Marie: A bowl of steaming Japanese white rice - my own version of Proust’s madeleine.
Nathalie: Seafood, because it reminds me of both Japan and the south of France where I was born.

I/O: Do you have any rituals or nutritional quirks?
Marie: I stop eating when I’m about 80% full. It’s a very effective method to be able to eat everything and not gain any weight, because yes, I do eat everything! If I indulge too much, I naturally tend to compensate the next day.
Nathalie: I always take a photo of what I’m eating, and end my meals on a sweet note, like a piece of dark chocolate or a cookie from Yoku Moku, brought back from Tokyo.

I/O: What’s your greatest source of inspiration?
Marie: Jeong Kwan (Editor's note: watch the Chef's Table episode about that Buddhist Monk and chef who lives in Korea). My dream is to stay at her temple.
Nathalie: Travelling, meeting people, and exhibitions are my biggest sources of inspiration, as well as traditional skills, and their transmission through generations. I especially admire the artisans I work and collaborate with for Shopu.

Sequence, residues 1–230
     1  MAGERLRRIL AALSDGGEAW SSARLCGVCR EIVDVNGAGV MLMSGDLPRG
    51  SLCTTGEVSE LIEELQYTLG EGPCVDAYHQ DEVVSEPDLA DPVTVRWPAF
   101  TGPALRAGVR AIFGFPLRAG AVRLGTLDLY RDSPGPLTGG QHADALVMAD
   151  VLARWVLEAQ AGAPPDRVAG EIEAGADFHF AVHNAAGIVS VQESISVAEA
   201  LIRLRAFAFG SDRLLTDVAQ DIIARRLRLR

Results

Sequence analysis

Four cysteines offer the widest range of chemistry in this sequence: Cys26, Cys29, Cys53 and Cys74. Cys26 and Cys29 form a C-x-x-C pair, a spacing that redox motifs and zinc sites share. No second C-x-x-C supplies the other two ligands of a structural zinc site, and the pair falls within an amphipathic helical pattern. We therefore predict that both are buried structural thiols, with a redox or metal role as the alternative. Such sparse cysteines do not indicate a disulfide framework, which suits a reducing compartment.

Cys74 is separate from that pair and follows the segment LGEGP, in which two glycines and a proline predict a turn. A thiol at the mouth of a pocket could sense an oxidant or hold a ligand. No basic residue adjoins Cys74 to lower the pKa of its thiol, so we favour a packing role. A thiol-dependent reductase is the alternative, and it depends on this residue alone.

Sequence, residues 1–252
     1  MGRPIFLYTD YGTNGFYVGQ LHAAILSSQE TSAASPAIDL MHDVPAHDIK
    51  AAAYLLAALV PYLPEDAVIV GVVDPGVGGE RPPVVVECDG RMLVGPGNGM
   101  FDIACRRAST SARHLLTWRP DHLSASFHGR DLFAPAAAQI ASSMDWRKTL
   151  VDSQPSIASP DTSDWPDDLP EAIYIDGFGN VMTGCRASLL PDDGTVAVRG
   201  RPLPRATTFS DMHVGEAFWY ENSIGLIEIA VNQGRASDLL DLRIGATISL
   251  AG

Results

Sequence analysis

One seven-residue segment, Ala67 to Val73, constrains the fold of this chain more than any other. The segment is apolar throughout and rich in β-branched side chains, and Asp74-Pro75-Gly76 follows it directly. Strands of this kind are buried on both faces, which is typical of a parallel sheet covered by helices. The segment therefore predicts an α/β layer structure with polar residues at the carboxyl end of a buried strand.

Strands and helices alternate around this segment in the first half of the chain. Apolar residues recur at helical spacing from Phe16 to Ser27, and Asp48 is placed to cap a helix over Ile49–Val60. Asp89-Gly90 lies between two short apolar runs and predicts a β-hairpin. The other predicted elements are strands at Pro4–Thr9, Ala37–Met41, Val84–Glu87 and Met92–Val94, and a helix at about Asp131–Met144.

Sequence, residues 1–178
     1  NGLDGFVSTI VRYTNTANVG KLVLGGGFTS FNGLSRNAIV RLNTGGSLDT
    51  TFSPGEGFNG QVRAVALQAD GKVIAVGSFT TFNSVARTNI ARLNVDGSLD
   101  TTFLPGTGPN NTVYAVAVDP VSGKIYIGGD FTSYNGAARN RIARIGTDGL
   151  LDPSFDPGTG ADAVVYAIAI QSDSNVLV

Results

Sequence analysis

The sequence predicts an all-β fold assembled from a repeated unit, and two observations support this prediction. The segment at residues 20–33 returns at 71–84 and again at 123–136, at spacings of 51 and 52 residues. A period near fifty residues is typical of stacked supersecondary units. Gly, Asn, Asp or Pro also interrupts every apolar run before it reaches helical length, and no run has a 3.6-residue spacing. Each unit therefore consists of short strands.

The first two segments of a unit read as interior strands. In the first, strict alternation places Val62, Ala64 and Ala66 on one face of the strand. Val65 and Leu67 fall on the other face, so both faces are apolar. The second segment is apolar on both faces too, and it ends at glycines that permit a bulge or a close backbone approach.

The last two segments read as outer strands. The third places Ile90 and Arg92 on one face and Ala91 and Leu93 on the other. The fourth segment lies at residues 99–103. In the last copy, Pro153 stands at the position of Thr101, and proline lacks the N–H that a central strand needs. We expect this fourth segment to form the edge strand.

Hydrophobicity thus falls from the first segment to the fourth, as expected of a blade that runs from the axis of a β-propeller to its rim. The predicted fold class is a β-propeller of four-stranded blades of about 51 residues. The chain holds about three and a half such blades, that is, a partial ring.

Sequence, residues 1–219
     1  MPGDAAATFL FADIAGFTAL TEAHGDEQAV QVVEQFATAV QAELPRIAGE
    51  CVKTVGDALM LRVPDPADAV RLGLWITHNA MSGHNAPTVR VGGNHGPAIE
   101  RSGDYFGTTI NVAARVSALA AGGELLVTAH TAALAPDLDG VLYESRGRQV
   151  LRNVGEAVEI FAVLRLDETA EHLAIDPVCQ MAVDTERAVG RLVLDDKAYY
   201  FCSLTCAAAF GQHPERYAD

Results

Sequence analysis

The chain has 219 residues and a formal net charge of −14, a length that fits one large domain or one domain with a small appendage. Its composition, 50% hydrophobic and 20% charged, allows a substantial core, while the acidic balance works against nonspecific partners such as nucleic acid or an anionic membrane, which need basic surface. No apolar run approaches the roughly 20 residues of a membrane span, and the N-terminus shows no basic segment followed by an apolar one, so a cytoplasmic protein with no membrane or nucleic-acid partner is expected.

I/O: Who are your role models?
Marie: My mother. She was from a traditional farming family in Japan and decided to move to the capital alone,  then went on to study fashion in Paris. She came back to Tokyo with a French husband, and set up a haute couture workshop. She founded a family of mixed origins, all the while pursuing her professional ambitions. This was still pretty uncommon in Japan back then as women often traded in their careers upon becoming mothers. She lived the life she chose to live, which made her a very determined and modern woman. This has influenced me greatly.
Nathalie: My Japanese grandfather who is no longer with us. He transmitted his love for flowers, the value in life’s simpler things, an appreciation for the beauty and imperfections of everyday objects, and respect for the artisan’s work that went into creating each item.

I/O: What is your definition of a perfect meal, in terms of food, atmosphere, guests…?